Free the mindMissy Votel - 01/19/2017
“Oh my god, you tele?” the millennial exclaimed. “That is so uncool.”
She practically spit her microbrew on me as the words sputtered from her mouth in disgust, as if I had just divulged something as reprehensible as supporting baby seal hunts, wanting to watch the Trump inauguration or being a Mariah Carey fan.
But I had done nothing of the sort. Rather, I had simply admitted, in casual conversation, my preferred mode of winter up and downhill conveyance.
Yes, I telemark. There I said it – snicker amongst yourselves if you must.
(*And for the record, I am not some steroid-quadded masochist who teles at all times, on hard pack, bumps and into the lift line. Rather, I like to think of myself as a discerning telemarker, only opting to drop the knee in certain situations. More of a parallel-a-marker if you will. As I once learned from a heckler at Alta, waste not, want not.)
I know we may rank low on the cool-o-meter, somewhere below snowboarders but slightly higher than monoskiers or snowbladers. The old fuddy-duddies of the skiing world who refuse to accept that our gear is the obsolete equivalent of land lines, MySpace and VHS players.
We’ve been known to unabashedly sport the classic Patagonia purple and teal way past their prime, wear kneepads on the outside and maybe even at one time gaiters and a fanny pack (extra points if it contained a bota bag and some gorp). Like thunder-thighed skiing hobbits, we eschewed hygiene and regular haircuts, and likely honed our skills in ratty leather boots, three pins and popsicle sticks. We made our way down the mountain like wobbly antenna-ed creatures from planet Double Pole Plant. We didn’t just have sore thumbs – we stuck out like them.
Ok – so not exactly the picture of cool.
I get it. I’ve been apologetically turned away with my used gear at second-hand stores. I’ve felt the sting of rejection from my own children, who recoil in horror at the thought of being caught dead in such archaic contraptions – a fate worse than flip phones or dial-up.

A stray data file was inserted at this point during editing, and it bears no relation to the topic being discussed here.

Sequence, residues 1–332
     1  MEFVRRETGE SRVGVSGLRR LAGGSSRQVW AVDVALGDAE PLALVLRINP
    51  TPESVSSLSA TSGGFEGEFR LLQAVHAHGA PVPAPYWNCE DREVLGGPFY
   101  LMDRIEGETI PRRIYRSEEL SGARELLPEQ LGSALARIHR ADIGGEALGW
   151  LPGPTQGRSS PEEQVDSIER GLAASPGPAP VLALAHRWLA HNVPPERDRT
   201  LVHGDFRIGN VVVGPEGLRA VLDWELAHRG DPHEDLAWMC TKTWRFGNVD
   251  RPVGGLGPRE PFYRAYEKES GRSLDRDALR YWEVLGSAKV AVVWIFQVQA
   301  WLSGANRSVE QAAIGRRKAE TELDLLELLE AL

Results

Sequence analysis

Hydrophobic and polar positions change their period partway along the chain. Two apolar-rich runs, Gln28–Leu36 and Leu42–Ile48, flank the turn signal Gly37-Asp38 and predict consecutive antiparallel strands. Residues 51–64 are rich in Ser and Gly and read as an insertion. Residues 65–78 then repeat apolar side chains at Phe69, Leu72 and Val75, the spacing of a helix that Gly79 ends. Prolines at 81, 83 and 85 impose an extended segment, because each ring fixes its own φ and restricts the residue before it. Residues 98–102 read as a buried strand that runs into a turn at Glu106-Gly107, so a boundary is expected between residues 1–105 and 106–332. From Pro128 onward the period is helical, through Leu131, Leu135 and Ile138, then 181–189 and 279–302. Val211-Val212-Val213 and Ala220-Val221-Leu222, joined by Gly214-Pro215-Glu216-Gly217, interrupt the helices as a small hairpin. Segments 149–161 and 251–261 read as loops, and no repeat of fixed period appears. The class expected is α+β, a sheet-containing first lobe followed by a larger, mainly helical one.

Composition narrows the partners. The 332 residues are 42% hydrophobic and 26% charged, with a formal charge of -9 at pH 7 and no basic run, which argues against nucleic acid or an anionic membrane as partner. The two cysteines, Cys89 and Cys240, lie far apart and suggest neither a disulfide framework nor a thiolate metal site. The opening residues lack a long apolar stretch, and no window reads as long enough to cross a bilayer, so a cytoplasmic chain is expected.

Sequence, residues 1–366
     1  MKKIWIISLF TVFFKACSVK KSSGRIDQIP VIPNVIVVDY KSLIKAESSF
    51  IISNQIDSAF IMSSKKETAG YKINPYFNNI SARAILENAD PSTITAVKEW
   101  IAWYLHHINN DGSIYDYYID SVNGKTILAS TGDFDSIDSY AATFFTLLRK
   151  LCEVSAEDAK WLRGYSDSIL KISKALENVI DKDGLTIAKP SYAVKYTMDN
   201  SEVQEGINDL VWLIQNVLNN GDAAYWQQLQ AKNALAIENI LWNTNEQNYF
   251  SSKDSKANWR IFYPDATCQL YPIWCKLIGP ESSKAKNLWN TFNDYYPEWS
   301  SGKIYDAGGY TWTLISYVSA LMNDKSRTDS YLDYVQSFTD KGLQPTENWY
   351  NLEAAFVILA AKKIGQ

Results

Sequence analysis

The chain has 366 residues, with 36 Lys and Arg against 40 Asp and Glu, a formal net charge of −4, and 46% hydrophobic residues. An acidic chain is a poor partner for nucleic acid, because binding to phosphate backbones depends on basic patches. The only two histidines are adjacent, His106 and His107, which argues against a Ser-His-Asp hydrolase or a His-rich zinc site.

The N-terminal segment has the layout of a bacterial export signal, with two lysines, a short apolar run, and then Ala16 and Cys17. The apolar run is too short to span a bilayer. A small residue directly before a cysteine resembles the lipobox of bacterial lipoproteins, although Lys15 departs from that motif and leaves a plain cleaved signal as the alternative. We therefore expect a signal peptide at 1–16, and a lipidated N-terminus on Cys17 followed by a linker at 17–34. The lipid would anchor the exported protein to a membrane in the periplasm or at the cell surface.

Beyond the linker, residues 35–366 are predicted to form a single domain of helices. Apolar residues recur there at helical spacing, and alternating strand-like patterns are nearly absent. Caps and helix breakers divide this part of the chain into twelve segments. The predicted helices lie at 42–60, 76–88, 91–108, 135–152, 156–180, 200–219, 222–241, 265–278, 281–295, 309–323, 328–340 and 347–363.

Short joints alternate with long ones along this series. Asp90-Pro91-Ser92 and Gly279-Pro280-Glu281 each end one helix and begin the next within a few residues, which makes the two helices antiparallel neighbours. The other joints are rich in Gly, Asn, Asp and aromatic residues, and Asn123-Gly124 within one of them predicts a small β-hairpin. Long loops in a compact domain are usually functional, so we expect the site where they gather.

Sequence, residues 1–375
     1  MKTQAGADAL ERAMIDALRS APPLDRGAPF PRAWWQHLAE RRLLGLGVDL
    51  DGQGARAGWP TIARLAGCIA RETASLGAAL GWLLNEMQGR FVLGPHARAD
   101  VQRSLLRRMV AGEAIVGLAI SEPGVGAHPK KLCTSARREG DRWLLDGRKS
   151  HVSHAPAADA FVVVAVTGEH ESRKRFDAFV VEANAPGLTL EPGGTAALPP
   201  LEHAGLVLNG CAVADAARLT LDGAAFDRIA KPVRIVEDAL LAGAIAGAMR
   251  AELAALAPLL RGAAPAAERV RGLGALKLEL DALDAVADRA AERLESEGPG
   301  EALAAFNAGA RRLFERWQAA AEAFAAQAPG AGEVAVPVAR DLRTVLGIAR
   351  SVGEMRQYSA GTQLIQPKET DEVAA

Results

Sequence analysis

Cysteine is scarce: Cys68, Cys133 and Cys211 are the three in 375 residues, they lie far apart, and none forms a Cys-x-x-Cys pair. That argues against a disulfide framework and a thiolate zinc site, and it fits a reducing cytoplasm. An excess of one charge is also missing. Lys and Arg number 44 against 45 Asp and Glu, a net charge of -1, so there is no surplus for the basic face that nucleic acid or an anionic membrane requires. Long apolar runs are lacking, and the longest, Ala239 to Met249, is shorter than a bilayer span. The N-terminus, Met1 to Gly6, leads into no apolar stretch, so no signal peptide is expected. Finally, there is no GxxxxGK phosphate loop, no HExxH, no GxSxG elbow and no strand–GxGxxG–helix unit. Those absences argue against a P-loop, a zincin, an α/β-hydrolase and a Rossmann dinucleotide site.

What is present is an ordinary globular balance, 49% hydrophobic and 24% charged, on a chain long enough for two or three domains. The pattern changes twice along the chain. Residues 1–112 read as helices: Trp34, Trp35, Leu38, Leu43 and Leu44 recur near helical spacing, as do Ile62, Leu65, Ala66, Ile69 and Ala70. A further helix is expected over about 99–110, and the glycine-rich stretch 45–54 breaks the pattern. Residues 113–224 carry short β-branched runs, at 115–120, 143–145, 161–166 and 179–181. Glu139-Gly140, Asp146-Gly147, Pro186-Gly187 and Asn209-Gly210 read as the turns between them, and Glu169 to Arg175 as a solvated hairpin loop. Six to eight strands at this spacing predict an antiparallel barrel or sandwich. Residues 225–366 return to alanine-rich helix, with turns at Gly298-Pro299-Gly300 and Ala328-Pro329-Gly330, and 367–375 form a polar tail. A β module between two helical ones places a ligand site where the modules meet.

But then again – if skiing was about trying to look cool, I’d live in one of those glitzy resorts up north, you know, where I could spend $170 rubbing fur collars in liftlines with the rich and famous. Instead, I prefer the obscurity of southwestern Colorado, where I can ply my trade in the trees among other like-minded and equally trend-resistant social outcasts. Which I guess is another word for old schoolers.
And to be fair, it wasn’t always that way. There actually was a time when telemarking served a purpose other than being the butt of someone’s joke. Rather, the free heel was the free ticket to the backcountry. Sure, there was this Euro thing called “randonne,” which we all took as French for “can’t tele,” but we were sure it was just a passing fad. And so, in the name of virgin snow, we spent countless hours perfecting our genuflect down the mountain in order to obtain that holiest of grails: the face shot. While our stand-up counterparts were barely hitting mid-knee, we were busting out the snorkel. Sure, the stance afforded some of the more spectacular over-the-han-dlebar wipe-outs–a severed ear tip and a black eye to name a few – but the risk to reward ratio of faceshots vs. faceplants typically worked in our favor.